Floor lamps can act in a variety of different ways within a room, as they are very functional lighting applications. Recently floor lamps are being lumped into the “task lighting” category because these lamps are often used for a particular function, which inevitably leads to a reduction in the overall lighting demands within a household. With that being said, a floor lamp is an excellent way to reduce energy costs within a house. By turning off overhead lights and turning on the floor lamp, energy usage is decreased and the house becomes just a little more “green”.
Majority of floor lamps are the traditional 3-way socket and need a 3-way light bulb as well. There are also models that will use incandescent bulbs, fluorescent bulbs or halogen bulbs as well depending on what part of the house the light will be used in. With the idea of task lighting and “going green” in mind, a low-voltage light bulb is often used. With the use of these low-voltage light bulbs there can be up to a 40 percent saving in light energy used within the house.
The standard floor lamp is composed of two parts, excluding the light bulb of choice. The lamp base and the lampshade are the two main parts of a floor lamp and these are held together by a harp and finial. The style of the base will often come in a number of different styles depending on where in the house the lamp is to be incorporated. In order to choose the right floor lamp for a particular room it is important to first analyze the carpet color, wall color or color of other furniture already found in the room. The floor lamp base can sometimes be adjustable in height, which may also affect where it can be placed within the room as well.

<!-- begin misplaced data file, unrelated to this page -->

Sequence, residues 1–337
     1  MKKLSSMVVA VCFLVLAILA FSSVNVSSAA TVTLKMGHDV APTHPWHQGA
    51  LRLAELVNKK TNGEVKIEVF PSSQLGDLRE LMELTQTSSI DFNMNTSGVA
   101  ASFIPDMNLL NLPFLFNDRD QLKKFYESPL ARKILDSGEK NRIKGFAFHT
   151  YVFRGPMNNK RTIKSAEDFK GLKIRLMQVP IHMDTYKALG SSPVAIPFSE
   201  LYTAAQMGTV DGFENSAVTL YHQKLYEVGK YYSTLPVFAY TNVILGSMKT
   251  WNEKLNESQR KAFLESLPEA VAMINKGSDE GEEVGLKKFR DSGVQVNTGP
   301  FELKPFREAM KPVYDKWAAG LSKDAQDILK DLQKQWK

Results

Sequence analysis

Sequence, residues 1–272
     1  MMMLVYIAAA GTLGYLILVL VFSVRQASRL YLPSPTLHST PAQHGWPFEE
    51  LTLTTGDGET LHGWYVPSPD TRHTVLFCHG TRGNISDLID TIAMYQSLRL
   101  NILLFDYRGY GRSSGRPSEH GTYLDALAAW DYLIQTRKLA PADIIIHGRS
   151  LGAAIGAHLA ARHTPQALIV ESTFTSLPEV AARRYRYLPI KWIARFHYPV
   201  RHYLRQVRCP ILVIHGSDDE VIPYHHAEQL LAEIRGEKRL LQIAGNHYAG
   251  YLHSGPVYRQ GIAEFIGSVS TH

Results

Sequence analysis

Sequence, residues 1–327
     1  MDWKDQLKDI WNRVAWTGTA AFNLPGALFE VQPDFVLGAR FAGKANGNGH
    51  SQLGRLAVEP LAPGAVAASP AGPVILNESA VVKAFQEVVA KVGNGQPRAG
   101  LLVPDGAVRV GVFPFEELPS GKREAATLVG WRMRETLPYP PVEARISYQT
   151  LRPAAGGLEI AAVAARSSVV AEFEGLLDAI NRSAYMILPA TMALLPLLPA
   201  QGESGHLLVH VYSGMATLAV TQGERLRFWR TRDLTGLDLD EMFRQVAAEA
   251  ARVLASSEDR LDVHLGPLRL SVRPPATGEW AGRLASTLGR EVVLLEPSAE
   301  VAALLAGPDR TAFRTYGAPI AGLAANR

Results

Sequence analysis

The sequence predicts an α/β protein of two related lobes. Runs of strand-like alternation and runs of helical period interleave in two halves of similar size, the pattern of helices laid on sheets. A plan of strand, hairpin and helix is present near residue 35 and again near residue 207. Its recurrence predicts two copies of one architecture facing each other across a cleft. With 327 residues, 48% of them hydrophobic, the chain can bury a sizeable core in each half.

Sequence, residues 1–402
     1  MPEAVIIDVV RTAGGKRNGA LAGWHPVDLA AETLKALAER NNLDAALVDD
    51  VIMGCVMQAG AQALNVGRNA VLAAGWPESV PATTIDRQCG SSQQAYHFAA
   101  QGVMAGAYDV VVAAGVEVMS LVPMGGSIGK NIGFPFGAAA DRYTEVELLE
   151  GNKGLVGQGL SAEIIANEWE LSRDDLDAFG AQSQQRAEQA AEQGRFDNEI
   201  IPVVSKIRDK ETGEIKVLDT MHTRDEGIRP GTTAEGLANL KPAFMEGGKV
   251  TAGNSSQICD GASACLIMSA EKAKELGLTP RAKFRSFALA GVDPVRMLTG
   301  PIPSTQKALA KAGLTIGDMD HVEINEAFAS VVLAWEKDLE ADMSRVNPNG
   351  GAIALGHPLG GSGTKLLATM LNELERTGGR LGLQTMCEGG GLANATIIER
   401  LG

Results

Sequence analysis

The lampshade is the other functional piece of the floor lamp that needs to be taken into consideration when incorporating a floor lamp into the home décor. Like the base, it comes in a variety of different styles, shapes, colors, sizes and is composed of a number of different materials. Again, like the base, the type of shade should depend on the décor of the room in which the lamp will be placed. Unlike the base, there are some functional considerations as well. This has to do mostly with the amount of light the shade is going to let through. Is the lampshade going to shade eyes completely from the light bulb, is it going to let through and illuminate the room upward, or is the floor lamp going to be used as a reading lamp and illuminate the room downward for optimal reading? For things such as task lighting where the floor lamp will be used for only reading, it may be advised to have the shade point the light downward instead of lighting the entire room by pointing upward. With this task in mind, the translucency of the shade is not as important as if the light was going to be used to light the entire room.
Choosing the right floor lamp is dependent on a number of factors. Most importantly, it needs to be determined the main function of the lamp before the lamp is picked out. Task lighting is something that has recently come about and floor lamps are some of the best tools that can be used to reduce energy costs in this regard. A floor lamp can act in a variety of ways and is always a positive addition to a room, whether it is for reading or just to add a new flare to an old room.